Date: Nov. 5, 2019
To: Chair Ikaika Anderson Vice Chair Ann Kobayashi and Members of the City Council
Submitted By: Stephanie Kendrick, Public Policy Advocate Hawaiian Humane Society, 808-356-2217
RE: Testimony in strong support of Bill 59, Relating to Animals Wednesday, Nov. 6, 2019 , 10 a.m., City Council Chamber
Aloha Chair Anderson, Vice Chair Kobayashi and Council Members,
The Hawaiian Humane Society is in strong support of Bill 59, Relating to Animals. This measure represents the biggest advance in our county animal welfare laws since the Cat Identification ordinance was passed more than 20 years ago. Bill 59 has three main components:
Dogs are required to be licensed on Oahu, but compliance is low. This bill eliminates license tags in favor of mandatory microchipping for cats and dogs. Benefits of this change include:
- Mainland jurisdictions that have switched from license tags to mandatory microchipping have seen increases in compliance and return-to-owner (RTO) rates. Dallas, for example, saw its RTO rate increase by 300% over three years after switching to microchipping.
- While tags can be lost, microchips are permanent.
- Tags must be renewed every two years at fees ranging from $10 to $28.50. Implanting a microchip is a one-time expense of $25 or less.
Impoundment rules for dogs and cats require the Society to hold any pet with an ID for a minimum of nine days. This extended hold time exposes animals to stress and potential illness and delays their availability to find new homes. It also reduces our capacity to care for other animals in need. This bill reduces the mandatory minimum hold for dogs with identification to five days. We are asking that the bill be amended to also reduce the hold time for cats with identification to five days. These changes are important for the following reasons:
- More than 70% of animals with ID are reclaimed by their owners within 48 hours. Nearly 90% are reclaimed within five days. This will encourage a small number of pet owners to reclaim their animals more quickly, reducing the stress and risk of illness for those animals and freeing up shelter capacity for other animals in need.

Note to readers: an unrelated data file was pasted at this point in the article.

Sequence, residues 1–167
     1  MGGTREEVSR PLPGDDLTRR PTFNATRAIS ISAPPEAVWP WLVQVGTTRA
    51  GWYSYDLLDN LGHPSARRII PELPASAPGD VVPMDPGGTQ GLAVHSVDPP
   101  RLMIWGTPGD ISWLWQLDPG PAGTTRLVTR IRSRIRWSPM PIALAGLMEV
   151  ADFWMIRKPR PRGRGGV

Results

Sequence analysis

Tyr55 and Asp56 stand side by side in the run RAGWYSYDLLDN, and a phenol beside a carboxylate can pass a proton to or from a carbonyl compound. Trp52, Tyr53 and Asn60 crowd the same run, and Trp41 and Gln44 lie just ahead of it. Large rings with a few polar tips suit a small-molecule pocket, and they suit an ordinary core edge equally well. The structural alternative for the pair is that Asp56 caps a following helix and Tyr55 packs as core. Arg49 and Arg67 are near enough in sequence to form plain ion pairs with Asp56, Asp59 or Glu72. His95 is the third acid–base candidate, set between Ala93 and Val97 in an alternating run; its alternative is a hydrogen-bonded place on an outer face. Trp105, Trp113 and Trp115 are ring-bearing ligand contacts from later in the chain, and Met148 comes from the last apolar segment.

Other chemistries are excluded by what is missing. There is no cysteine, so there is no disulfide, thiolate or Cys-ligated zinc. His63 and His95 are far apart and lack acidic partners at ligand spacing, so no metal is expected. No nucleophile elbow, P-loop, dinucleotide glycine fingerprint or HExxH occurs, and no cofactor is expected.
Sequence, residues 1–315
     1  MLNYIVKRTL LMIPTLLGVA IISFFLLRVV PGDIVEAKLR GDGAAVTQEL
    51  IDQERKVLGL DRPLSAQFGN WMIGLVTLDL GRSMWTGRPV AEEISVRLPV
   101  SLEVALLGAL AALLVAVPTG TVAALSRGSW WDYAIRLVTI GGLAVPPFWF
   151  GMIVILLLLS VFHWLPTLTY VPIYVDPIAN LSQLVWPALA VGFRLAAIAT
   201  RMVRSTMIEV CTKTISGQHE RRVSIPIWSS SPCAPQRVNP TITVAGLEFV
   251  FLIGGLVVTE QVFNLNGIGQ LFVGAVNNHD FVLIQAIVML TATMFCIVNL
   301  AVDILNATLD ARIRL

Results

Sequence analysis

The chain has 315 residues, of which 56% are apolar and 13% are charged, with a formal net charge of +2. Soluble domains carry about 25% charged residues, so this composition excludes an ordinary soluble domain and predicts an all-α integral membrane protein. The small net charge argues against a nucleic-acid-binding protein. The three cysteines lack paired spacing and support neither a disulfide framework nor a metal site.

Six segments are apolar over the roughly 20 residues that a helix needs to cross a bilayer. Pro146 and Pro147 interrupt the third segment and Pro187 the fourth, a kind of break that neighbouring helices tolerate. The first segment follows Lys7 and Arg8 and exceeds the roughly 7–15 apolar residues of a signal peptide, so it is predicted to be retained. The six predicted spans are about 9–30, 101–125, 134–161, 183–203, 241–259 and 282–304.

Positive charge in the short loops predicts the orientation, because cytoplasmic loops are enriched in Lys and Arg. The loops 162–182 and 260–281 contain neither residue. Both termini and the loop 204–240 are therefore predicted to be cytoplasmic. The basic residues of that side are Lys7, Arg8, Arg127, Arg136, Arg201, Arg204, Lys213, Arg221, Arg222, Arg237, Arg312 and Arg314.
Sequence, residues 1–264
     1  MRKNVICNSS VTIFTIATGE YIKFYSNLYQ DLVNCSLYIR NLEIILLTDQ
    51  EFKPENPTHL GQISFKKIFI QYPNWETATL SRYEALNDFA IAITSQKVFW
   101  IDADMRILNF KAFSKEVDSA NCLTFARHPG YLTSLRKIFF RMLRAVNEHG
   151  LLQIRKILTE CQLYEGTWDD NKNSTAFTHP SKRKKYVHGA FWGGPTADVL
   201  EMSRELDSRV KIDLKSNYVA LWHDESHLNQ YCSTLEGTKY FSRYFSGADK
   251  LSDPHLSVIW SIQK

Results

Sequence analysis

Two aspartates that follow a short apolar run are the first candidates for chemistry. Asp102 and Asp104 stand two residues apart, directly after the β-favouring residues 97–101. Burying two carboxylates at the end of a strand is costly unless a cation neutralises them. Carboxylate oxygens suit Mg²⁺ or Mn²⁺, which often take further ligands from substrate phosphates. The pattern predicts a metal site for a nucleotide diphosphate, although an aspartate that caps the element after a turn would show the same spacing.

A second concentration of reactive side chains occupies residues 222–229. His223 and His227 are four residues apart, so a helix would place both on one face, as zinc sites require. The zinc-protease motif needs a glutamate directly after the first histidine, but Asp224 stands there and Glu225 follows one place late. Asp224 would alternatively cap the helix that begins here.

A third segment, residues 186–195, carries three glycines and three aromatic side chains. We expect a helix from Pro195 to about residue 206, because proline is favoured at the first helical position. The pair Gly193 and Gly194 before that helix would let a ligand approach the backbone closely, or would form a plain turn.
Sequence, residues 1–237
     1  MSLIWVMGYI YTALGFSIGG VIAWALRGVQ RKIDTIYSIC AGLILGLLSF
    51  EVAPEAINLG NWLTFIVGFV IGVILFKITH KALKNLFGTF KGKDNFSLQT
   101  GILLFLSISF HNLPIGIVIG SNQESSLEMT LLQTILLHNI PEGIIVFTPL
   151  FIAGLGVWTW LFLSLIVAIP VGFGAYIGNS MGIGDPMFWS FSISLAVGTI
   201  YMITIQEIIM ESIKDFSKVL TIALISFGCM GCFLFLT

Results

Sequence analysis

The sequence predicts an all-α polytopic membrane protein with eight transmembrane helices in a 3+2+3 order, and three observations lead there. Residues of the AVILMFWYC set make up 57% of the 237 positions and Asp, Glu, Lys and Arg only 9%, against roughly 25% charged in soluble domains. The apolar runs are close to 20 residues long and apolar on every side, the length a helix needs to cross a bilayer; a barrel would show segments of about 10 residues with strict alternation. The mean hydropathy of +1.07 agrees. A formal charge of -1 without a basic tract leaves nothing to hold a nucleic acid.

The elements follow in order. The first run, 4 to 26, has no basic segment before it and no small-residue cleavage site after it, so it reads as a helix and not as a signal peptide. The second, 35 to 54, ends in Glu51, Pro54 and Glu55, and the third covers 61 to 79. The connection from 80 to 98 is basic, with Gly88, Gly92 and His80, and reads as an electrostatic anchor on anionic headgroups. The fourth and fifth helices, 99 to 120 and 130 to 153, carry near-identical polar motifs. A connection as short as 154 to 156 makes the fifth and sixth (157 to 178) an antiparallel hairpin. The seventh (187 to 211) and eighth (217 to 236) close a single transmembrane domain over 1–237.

- According to the Animal Legal and Historical Center at Michigan State University, the national norm for stray hold times is down to 3-5 days in recognition of the risks animals face in a shelter environment.
The current daily hold fee for stray animals is $2.50. This bill would raise that rate to $10 for the following reasons:
- The $2.50 daily fee was established in 1983 and is far below the true cost of caring for each animal, which we conservatively estimate at $12-$15 a day. The fees charged by neighbor island counties range from $10 to $15 per day. Getting closer to the true cost of care would free up resources for the most vulnerable animals.
- The increase also should discourage pet owners from using the high-stress environment of a shelter as a kenneling option, which puts their own animals at risk of illness and distress and reduces our capacity to help the animals who need us most.
There are presently no penalties in the Revised Ordinance of Honolulu for dogs who are frequently at large. While this represents a small number of animals, it is a particularly vulnerable and potentially dangerous population. This bill would address this issue in two ways that are designed to minimize the risks to animals and people, and encourage owners to keep their dogs safe:
- It requires the spay/neuter of any dog brought in as stray three times in a 12-month period. The mandatory spay/neuter rule would have applied to just 40 dogs in FY2019. Frequent strays are at grave risk themselves of injury and death, and have an outsized impact on pet overpopulation, perceptions of public safety and the safety of other animals. Also, fertile dogs are more likely to stray. The mandatory spay/neuter of stray dogs is increasingly common around the country. Examples include:
- Floyd County, Ind., mandates spay/neuter for any pet impounded two times within a 12 month period;
- Charleston, S.C., mandates the spay/neuter of any impounded animal unless it is the first time the animal has been impounded and the owner of the animal pays a redemption fee of $500. There is no exemption for intact animals impounded a second time.
- It imposes an additional $30 penalty for any dog impounded as stray three times or more in a 12-month period.
- All stray dogs are at risk of injury and death and can pose a threat to other animals and people. This penalty is intended to encourage dog owners to keep their pets safe.
We urge you to pass this comprehensive update to our county animal ordinance, which will allow more animals to be reunited with their families, help animals who are not reclaimed find new families more quickly, and better protect both pets and people.
Thank you for the opportunity to provide testimony on this matter. I am available for questions.